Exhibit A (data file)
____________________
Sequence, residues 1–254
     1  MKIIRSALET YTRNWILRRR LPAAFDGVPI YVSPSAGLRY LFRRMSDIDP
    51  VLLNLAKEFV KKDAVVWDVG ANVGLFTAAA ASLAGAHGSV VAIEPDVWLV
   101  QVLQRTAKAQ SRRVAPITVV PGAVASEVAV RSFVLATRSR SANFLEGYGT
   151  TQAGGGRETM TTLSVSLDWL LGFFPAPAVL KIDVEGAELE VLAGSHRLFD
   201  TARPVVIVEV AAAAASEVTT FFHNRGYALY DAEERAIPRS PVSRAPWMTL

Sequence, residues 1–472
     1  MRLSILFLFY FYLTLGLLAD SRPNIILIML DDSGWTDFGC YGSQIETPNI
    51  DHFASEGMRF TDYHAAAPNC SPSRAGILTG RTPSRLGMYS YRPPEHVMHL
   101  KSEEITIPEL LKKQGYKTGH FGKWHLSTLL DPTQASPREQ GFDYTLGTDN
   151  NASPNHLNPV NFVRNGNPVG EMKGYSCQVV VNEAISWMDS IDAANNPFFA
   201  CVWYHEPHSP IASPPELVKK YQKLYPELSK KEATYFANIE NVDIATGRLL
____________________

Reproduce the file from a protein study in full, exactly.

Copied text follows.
Sequence, residues 1–254
     1  MKIIRSALET YTRNWILRRR LPAAFDGVPI YVSPSAGLRY LFRRMSDIDP
    51  VLLNLAKEFV KKDAVVWDVG ANVGLFTAAA ASLAGAHGSV VAIEPDVWLV
   101  QVLQRTAKAQ SRRVAPITVV PGAVASEVAV RSFVLATRSR SANFLEGYGT
   151  TQAGGGRETM TTLSVSLDWL LGFFPAPAVL KIDVEGAELE VLAGSHRLFD
   201  TARPVVIVEV AAAAASEVTT FFHNRGYALY DAEERAIPRS PVSRAPWMTL

Sequence, residues 1–472
     1  MRLSILFLFY FYLTLGLLAD SRPNIILIML DDSGWTDFGC YGSQIETPNI
    51  DHFASEGMRF TDYHAAAPNC SPSRAGILTG RTPSRLGMYS YRPPEHVMHL
   101  KSEEITIPEL LKKQGYKTGH FGKWHLSTLL DPTQASPREQ GFDYTLGTDN
   151  NASPNHLNPV NFVRNGNPVG EMKGYSCQVV VNEAISWMDS IDAANNPFFA
   201  CVWYHEPHSP IASPPELVKK YQKLYPELSK KEATYFANIE NVDIATGRLL